immediate experience of self, home, and family.
Five-year-olds are developing an interest in the
Freedom from undue adult restraints through
z Exploration
community and the world outside their own, and enjoy
special events and trips.
6 to 8-year-olds
Six-year-olds are active and demonstrate considerable
Happiness of achievement for the individual through
verbal ability, and develop concepts and problemsolving skills based on these experiences. By now,
children are able to understand rules and play elaborate
games with rules. Competitive and team games can
come only after this stage has been reached. Most
6-year-olds and many 7- and 8-year-olds may be more
Adapting to be a member of a collective by
z Cooperating
mature mentally than physically. Therefore, hands-on
activity and experimentation are more appropriate for
this age group than fatiguing mechanical seatwork.
Security and safety
5.3 Curriculum for Infants and Toddlers (0–2+)49
These observations apply whether the child is in the
stranger’s face, a skill mastered by the time the baby is
9 months old.
home or in an institutional setting. In case of the
former, caregivers in the family may require
During the later part of the first year, the child is
fast producing the rudiments of linguistic sounds and
guidance by various means. In case of the latter, the
importance of training must be reiterated.
needs reassurance from the language environment.
Babies need to be held, spoken to, and rocked and
Young children can become distressed and anxious
easily. They need a more sensitive and responsive
cuddled. This also stimulates a desire for physical
movement. Babies begin to understand that people and
environment, and a ratio of more adults to fewer
children, to provide a nurturing milieu.
objects exist despite their short absences. Such
playfulness fosters positive love relationships,
ECCE settings for the very young usually need to
be colourful and rich in manipulative objects or rocking
motivating exploration and experimentation.
For the caregiver, whether in the home or in an
toys that appeal to infants and toddlers, with careful
supervision and intervention when required. Warm and
institution, it is important to know that both routine
and responsive acts are necessary for the everyday
responsive adults provide trust and support, creating
dependable adult–child relationships. Children learn to
experience of babies. There must be visual stimulus
and objects to hold and manipulate. Non-mobile
relate to others through rich sensorial activities, which
provide the base for concept formation. Infants and
children need to be held and carried around to enable
them to value movement, and later exploration.
toddlers learn through their own experience of trial
and error, repetition, imitation, and identification. An
Meals should be provided at regular intervals, and
health-care procedures and sleep periods worked out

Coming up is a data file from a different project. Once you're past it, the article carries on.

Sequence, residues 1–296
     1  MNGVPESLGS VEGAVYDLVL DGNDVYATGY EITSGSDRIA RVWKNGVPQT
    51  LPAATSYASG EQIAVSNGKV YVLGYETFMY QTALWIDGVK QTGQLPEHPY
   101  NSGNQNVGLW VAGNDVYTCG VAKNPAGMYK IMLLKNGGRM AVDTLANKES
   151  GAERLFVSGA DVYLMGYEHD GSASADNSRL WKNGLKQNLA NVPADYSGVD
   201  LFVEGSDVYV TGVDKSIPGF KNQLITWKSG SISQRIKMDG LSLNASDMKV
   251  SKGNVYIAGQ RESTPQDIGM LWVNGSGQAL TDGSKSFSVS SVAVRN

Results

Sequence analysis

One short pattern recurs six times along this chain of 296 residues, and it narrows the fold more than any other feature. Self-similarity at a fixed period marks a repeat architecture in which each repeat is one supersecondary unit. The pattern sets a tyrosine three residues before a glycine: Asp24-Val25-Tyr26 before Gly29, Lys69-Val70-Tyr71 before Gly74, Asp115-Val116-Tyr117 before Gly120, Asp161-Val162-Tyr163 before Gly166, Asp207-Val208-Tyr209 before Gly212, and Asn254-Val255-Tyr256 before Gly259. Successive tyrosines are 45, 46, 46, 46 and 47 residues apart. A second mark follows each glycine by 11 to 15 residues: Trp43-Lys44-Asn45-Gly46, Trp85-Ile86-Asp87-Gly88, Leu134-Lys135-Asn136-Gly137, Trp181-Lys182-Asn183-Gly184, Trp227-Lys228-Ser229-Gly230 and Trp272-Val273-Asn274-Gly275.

appropriate programme for under-3-year-olds invites
play, active exploration, and movement within a reliable
In the second year of life, the infant is able to
framework of routines and protection from excessive
stress. Warm and supportive social relationships are a
recognise people and has the beginnings of language.
Conversations, picture books, and objects are an essential
significant and essential contribution to the quality of
children’s experiences.
part in the infant’s environment. Outdoor play and being
with other playmates fosters curiosity and willfulness.
All infants are unique, and their needs and states vary
from moment to moment. Adults must respond to
Two-year-olds need sand play, ball play, and many
experiences of filling and pouring to allow for fine
infants’ changing signals with sensitivity. Continuity and
consistency in caregiving are vital. The schedules of adults
motor experiences.
Adults guide and supervise this learning by
must adapt to the rhythms of babies’ needs. Holding and
touching are determined by babies’ preferences.
ensuring that the environment is safe and emotionally
supportive. For the care and nurturance of the
Within the home, the mother massages the baby,
sings infant rhymes, and plays baby games that stimulate
under-3-year-olds, adult–child interactions need to be
linguistically rich and playful, allowing for active and
the child to distinguish the familiar face from the
collaborative exploration. Children sitting next to the
Swaminathan, M. 1989
mother in the kitchen playing with pots and pans while
the mother cooks are engaging in active play in an
are summarised in Figure 5.151. I hope this has been
sent to you. It did not come with your files. At the
emotionally secure setting. In day care or other
institutional settings, the careful arrangement of objects
same time, each activity addresses several domains, since
all domains are interrelated and every activity has the
will have to be planned. The guiding principle for the
under-3-year-olds is the importance of relationships
potential to contribute to development.
ECCE settings must cater to the requirements of